Change in quality of life, disability, and well-being after decompressive surgery: results from a longitudinal study

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Abstract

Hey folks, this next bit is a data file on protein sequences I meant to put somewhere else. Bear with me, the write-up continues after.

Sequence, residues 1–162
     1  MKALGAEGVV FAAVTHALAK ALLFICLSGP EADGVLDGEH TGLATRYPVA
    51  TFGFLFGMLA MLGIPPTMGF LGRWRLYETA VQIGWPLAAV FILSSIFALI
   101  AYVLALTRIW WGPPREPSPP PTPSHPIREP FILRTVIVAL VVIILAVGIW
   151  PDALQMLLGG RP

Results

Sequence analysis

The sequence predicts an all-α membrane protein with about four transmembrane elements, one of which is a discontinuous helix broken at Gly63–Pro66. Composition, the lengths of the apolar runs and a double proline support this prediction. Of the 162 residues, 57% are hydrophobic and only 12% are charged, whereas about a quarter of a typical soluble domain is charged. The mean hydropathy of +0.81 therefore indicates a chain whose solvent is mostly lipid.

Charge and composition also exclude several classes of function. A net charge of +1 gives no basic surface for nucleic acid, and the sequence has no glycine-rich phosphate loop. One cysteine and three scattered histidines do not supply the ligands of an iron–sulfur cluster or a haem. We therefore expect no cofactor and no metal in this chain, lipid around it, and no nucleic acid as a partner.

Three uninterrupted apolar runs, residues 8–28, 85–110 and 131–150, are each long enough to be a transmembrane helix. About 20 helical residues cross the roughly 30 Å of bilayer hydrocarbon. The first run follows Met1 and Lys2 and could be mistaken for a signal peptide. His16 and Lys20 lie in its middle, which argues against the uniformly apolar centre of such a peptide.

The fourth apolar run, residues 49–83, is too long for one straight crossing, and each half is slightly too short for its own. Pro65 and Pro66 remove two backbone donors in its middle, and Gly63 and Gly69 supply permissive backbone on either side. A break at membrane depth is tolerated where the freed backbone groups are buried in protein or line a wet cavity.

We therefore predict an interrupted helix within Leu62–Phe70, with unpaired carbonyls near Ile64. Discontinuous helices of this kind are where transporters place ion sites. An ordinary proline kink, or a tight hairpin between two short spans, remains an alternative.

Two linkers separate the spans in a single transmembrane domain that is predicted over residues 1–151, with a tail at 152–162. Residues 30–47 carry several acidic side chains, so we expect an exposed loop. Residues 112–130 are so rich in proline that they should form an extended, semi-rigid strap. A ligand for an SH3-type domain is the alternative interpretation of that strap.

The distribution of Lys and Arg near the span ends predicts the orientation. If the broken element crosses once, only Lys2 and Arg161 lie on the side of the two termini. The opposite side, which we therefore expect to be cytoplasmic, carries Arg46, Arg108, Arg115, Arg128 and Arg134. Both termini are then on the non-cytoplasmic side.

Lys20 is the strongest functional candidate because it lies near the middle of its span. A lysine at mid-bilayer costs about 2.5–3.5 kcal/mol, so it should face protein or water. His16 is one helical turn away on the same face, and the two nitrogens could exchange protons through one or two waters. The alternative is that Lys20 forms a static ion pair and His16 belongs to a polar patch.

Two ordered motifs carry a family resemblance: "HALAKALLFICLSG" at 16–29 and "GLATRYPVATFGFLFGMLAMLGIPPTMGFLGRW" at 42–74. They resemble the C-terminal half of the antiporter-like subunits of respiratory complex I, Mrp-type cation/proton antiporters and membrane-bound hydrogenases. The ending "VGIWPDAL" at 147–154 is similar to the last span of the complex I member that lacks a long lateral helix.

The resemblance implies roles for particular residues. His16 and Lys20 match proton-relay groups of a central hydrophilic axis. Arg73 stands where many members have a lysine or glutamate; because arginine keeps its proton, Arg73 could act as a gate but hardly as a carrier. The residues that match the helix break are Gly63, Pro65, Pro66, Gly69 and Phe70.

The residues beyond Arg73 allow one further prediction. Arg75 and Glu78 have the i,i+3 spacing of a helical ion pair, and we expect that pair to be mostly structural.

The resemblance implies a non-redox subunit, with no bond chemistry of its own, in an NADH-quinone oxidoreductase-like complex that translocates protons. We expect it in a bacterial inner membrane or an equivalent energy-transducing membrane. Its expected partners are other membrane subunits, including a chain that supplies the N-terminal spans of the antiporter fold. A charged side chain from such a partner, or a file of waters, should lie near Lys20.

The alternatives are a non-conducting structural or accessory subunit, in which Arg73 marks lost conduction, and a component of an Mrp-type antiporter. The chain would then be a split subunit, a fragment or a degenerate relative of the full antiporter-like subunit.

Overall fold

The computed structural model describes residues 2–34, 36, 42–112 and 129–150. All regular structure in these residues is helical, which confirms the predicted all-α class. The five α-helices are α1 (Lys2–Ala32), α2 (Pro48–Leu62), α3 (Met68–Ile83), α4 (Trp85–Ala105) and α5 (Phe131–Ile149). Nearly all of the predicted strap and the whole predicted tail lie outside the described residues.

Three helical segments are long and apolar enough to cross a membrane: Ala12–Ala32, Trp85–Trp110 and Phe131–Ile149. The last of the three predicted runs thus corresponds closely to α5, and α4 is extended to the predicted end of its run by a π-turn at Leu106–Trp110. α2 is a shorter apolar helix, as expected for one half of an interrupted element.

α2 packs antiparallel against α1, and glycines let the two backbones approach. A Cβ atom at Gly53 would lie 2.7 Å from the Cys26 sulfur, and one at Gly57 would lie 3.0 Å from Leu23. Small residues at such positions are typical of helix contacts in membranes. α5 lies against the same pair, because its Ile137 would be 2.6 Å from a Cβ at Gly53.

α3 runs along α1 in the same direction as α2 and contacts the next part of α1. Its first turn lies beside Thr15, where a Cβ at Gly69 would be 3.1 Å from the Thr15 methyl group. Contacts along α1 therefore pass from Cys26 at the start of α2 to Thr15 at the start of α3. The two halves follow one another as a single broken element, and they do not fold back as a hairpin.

The aim of this study is to evaluate quality of life (QoL), disability, and psychological well-being (PWB) in patients with disc herniation and stenosis before and after decompressive surgery and to investigate factors associated with an improvement in the postoperative disability level. An observational longitudinal study was carried out to collect preoperative and postoperative data on QoL, disability, and PWB using European Health Interview Survey-Quality of Life (EUROHIS-QoL), WHO Disability Assessment Schedule, second version (WHODAS-II), and Psychological General Well-Being Index-Short (PGWB-S) questionnaires. Friedman’s analysis of variance was performed to compare preoperative and postoperative test scores, whereas a one-sample t-test was calculated to compare the mean test scores with the general population. A hierarchical logistic regression was developed to investigate the association between the change in the disability level after surgery, sociodemographic and clinical characteristics, and preoperative test scores. Complete data were available for 55 patients. PGWB-S and WHODAS-II scores improved significantly (P=0.004 and 0.003), even if the disability level remained high after surgery. The logistic regression showed that patients with worse preoperative WHODAS-II scores had higher odds achieving improvement in their disability level after surgery. This study showed that disability and PWB improve significantly after surgery, but further treatment and a healthy lifestyle are expected and recommended as the disability level remains high. In addition, more severe preoperative disability was a predictor of better clinical outcome.

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